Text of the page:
Supriya Nagarajan’s Bollywood Jazz Ensemble at The Sage Gateshead

Written by Latest, Live Reviews, Music

When I first heard that I would be attending the showcase of Supriya Nagarajan’s ‘Bollywood jazz fusion’ band at the Sage, I was intrigued to say the least. Having read through press releases and online information surrounding the newly formed project, I was excited to see and hear how these genres would intertwine.

The evening was kicked off by a small discussion, with Nagarajan introducing the band as well as the inspirations behind the project’s conception. The accolades boasted by the bands members range from PhD level music study to years of multi-instrumentation and performance.

This standard was evident from the very first notes of their opening score, the sharp jazz rhythms blending seamlessly into Nagarajan’s haunting vocals. The band maintained this slick, polished homage to the Bollywood song style throughout the performance, with occasional flashes of jazz improvisation.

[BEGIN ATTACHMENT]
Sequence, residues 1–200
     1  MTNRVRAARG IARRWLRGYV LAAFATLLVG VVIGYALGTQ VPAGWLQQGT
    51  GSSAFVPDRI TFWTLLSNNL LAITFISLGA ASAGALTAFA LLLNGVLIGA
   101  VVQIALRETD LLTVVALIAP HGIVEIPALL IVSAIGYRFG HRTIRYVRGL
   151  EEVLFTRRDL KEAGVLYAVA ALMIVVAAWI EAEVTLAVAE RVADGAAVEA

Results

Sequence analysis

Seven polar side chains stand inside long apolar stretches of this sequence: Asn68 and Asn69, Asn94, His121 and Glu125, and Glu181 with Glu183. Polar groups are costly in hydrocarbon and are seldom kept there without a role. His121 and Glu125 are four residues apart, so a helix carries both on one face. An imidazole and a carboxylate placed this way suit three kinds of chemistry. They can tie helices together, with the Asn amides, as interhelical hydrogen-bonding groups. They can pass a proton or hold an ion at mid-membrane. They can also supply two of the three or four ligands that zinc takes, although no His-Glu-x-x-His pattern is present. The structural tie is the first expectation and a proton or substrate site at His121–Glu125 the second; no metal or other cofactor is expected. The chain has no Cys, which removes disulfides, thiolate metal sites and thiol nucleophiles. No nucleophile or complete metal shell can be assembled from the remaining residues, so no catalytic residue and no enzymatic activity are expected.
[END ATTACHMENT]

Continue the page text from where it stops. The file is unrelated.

Muted jazz-inspired drums, intricate basslines and soulful vocal harmonies created a sound fit for a concert hall

Whilst the venue and audience were relatively small, the mixture of muted jazz-inspired drums, intricate basslines and soulful vocal harmonies created a sound fit for a concert hall. Onstage, the unlikely combination of ages and backgrounds seems to work as one completely fluid unit, feeding off one another’s individual sounds. The excitement of the band towards the project’s experimental nature was clear, each of them enjoying collaborating onstage.

One lone criticism of the performance is simply that this energy, at points, seemed to lead to some slightly over-zealous soloing that retracted slightly from the flow of the showcase. But, in retrospect, this perhaps should be credited, as it simply shows that these performers are truly enthused to showcasing this unique sound.

In short, this is an incredibly immersive concept, which translates well into the modern dialogue of music, both in terms of its viability and relevance.

Last modified: 26th January 2018

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